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“I had this friend who was my roommate for a while. She seemed really normal in every way except that she wouldn’t buy shampoo. She would only use my shampoo. And after a year it’s like, “When are you going to buy your own shampoo?” It was her way of digging in her heels. It was a certain sense of entitlement, or a certain anger. It was so interesting to me why she wouldn’t buy her own fucking shampoo. It was like,“I’m gonna use yours.” It was coming from a place of “You have more money than me, I just know it”—whether I did or I didn’t. Or maybe she felt, “You have a better life than me,” or “You have a better room than me in the apartment.” It was hostile. And she was a really close friend! There was never any other shampoo and I knew she was washing her hair. And clearly I have a thing about shampoo, as we see in ‘Friends with Money.’ I had some nice shampoo. So I found that psychologically so interesting how a person can function normally in every way and yet have this aberrance—it’s like a skip in the record. It was a sense of entitlement, I think. I put that in Olivia’s character, too, with her stealing someone’s face cream.”
Nicole Holofcener

“When books become a thing, they can no longer be fine.

“Literary people get mad at Knausgård the same way they get mad at Jonathan Franzen, a writer who, if I’m being honest, might be fine. I’m rarely honest about Jonathan Franzen. He’s an extremely annoying manI have only read bits and pieces of his novels, and while I’ve stopped reading many novels even though they were pretty good or great, I have always stopped reading Jonathan Franzen’s novels because I thought they were aggressively boring and dumb and smug. But why do I think this? I didn’t read him when he was a new interesting writer who wrote a couple of weird books and then hit it big with ‘The Corrections,’ a moment in which I might have picked him up with curiosity and read with an open mind; I only noticed him once, after David Foster Wallace had died, he became the heir apparent for the Great American Novelist position, once he had had that thing with Oprah and started giving interviews in which he said all manner of dumb shit; I only noticed him well after I had been told he was An Important Writer.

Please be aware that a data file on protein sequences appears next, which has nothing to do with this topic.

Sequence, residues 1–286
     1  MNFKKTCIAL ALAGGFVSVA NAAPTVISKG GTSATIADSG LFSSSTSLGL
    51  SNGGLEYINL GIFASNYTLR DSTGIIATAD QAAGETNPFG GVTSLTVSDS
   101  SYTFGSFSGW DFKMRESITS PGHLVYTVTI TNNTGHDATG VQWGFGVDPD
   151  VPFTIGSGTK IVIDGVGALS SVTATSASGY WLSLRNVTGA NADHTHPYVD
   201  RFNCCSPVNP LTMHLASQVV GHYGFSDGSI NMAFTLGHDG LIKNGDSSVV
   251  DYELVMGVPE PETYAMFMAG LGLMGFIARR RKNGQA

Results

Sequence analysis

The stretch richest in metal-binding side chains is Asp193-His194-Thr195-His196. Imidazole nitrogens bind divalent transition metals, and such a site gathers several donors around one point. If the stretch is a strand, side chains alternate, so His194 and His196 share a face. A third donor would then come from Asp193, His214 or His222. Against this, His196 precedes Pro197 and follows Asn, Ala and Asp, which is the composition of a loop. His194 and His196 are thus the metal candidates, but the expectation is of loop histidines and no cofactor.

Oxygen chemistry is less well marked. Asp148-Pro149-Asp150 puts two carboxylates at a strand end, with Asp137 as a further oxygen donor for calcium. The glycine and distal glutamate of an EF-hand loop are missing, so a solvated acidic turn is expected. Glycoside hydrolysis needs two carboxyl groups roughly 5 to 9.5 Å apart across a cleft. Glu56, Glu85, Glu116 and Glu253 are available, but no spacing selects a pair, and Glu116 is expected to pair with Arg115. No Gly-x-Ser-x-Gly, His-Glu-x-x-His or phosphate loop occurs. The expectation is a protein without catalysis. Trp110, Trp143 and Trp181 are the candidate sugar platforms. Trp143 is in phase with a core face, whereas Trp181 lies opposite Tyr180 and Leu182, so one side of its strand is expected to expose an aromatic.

“So I can’t and shouldn’t pretend that I am unmoved by the lazily-satisfied gentle arrogance he projects or when he is given license to project it by the has-the-whole-world-gone-crazy development of him being constantly crowned and re-crowned as Is He The Great American Writer. What I really object to is this, and if there’s anything to his writing beyond it, I can’t see it and can’t be bothered. Others read him and tell me he’s actually a good writer—people whose critical instincts I have learned to respect—so I feel sure that he’s probably a perfectly fine, that his books are fine, and that probably even his stupid goddamned bird essays are probably also fine.

“But it’s too late. He has become a thing; he can’t be fine.”
~ Aaron Bady